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A Big Investing Mistake You May Be Making

Seth Jentner03/07/2014

According to finance professor and author, Jeremy Siegel, individual investors are making a typical mistake today: They are overreacting to the negative sentiment that has built up over the last 10 years and “taking too cautious a position with regard to investments.”

Last week, you read about how investor Warren Buffet claimed that the long-term return of bonds is more risky than stocks in today’s low interest rate environment.

Today, I am quoting Professor Jeremy Siegel, who teaches at The Wharton School and who wrote Stocks for the Long Run. According to Professor Siegel in the Journal of Indexes, some investors are reacting very badly by avoiding stocks and locking in “yields on bonds that are extremely poor compared to any historical calculation of stock returns.”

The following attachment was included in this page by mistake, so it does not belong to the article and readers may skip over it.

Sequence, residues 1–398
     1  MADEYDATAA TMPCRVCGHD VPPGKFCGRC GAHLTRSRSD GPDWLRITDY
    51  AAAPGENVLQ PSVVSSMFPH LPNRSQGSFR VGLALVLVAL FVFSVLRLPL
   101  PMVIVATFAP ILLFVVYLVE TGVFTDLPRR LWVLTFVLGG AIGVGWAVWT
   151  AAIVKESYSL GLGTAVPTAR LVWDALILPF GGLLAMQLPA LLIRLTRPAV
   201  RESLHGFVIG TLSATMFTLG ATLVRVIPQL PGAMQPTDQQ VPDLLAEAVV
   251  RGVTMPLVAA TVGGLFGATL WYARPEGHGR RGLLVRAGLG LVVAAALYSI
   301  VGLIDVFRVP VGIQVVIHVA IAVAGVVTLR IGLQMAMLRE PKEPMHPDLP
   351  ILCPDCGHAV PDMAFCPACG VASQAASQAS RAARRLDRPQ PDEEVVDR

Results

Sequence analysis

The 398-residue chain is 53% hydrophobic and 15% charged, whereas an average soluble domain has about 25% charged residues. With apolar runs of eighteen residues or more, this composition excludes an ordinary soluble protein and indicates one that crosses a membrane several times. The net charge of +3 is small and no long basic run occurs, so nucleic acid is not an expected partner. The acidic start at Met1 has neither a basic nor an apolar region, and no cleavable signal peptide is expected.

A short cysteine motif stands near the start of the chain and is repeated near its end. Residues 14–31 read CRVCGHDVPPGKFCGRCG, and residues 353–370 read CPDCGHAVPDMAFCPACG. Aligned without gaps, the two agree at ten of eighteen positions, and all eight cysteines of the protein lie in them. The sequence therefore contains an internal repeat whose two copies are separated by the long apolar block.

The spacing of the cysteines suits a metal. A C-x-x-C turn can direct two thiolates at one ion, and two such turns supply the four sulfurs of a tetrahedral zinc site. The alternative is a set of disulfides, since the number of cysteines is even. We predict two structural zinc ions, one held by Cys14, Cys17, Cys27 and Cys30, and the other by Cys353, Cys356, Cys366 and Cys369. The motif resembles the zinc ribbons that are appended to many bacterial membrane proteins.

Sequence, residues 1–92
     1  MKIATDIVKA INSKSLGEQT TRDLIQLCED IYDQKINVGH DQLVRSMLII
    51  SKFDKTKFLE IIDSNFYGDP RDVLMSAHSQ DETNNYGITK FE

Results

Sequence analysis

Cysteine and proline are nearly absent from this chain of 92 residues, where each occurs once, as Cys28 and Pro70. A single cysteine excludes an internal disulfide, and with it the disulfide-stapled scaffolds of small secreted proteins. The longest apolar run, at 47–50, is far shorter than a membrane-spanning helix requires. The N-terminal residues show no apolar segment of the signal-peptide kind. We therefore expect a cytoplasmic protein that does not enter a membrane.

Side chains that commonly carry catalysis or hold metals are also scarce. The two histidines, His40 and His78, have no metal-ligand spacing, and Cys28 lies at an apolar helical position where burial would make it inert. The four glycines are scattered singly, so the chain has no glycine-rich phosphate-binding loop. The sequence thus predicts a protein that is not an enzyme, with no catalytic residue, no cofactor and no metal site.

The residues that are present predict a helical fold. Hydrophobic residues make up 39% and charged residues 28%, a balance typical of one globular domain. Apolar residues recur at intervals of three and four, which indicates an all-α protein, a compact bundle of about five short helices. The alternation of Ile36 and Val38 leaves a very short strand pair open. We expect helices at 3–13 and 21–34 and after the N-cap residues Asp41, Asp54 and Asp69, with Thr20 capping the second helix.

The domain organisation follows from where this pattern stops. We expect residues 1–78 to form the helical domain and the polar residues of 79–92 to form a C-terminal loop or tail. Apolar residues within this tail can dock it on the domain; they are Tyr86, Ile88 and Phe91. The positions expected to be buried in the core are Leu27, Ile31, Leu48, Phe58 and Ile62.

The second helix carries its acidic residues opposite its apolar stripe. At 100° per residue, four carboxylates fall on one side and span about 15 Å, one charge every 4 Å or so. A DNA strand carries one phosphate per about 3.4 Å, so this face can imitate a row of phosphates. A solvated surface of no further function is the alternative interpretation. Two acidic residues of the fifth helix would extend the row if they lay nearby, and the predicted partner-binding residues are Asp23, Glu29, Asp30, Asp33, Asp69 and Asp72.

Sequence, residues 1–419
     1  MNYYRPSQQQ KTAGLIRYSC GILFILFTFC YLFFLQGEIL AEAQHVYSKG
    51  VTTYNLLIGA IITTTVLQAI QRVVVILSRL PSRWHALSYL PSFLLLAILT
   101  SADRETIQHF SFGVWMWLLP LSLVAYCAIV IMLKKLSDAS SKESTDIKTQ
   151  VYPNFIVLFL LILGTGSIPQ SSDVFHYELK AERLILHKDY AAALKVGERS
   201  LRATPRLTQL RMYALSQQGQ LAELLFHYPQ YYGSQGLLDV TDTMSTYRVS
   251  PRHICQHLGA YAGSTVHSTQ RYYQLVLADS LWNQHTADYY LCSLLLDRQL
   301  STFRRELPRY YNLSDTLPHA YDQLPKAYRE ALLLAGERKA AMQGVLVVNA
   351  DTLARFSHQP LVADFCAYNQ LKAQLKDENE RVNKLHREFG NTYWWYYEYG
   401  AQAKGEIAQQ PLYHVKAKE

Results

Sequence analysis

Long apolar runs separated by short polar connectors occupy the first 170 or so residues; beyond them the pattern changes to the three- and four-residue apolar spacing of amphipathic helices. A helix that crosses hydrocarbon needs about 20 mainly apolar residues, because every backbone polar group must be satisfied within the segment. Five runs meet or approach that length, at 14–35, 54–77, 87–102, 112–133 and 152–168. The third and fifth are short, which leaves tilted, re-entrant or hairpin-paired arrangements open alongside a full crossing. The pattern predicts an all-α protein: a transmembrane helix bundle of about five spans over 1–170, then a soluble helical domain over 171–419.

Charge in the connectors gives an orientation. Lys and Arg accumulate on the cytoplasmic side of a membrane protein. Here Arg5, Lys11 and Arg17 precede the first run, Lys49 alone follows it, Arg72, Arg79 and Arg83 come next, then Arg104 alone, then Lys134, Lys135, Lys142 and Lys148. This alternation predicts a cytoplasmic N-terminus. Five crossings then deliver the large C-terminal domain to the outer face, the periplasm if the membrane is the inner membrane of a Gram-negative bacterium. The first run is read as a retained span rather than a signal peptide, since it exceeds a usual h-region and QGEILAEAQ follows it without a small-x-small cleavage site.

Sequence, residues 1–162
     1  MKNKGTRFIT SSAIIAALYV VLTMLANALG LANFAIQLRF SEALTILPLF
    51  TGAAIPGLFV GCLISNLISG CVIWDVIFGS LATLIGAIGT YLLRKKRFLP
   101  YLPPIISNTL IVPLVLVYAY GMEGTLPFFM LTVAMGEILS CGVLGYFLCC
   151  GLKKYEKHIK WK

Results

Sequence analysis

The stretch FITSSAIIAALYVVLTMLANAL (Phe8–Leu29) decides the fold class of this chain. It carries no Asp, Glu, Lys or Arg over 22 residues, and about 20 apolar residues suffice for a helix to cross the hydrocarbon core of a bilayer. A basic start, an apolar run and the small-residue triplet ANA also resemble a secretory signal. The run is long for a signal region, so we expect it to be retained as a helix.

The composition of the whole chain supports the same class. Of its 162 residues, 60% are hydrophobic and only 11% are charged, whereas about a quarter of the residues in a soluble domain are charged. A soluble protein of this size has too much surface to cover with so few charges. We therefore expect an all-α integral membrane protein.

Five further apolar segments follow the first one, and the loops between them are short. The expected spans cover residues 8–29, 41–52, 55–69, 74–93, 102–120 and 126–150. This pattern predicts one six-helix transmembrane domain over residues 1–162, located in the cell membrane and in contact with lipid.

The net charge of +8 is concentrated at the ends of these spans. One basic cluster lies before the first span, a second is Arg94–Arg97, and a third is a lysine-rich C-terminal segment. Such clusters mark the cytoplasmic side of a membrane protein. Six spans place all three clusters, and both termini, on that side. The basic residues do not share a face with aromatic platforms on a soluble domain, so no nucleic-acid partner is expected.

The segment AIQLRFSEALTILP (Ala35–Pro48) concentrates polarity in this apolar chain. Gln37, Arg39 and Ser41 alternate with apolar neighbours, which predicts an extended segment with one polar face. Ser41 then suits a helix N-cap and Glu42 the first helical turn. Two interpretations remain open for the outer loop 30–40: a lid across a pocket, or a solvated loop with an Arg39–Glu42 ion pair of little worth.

Although some professionals talk about a “lost decade” due to minimal returns on the S&P 500 Stock Index from 2000 through 2009, our experience shows a more diversified investor who also held value and small stocks had much better performance over that same period.

Investors should be happy about volatility—during quick down markets, long-term investors can pick up bargains.

“I would advocate that investors use these opportunities to accumulate equities and actually thank program traders for giving them bargains in the market,” Siegel said.

Here at Jentner Wealth Management, we use market volatility as an opportunity to look for buying opportunities during periodic portfolio rebalancing.

Remember: Don’t confuse short-term investment stability with long term safety. Consider how a diversified portfolio can help you obtain a successful long-term investment experience.

For more insight, listen to Jentner Wealth Management’s weekly podcast by clicking here. Or download Jentner’s newest white papers on The Four Cornerstones of Prudent Investing and The Active Versus Passive Investing Debate.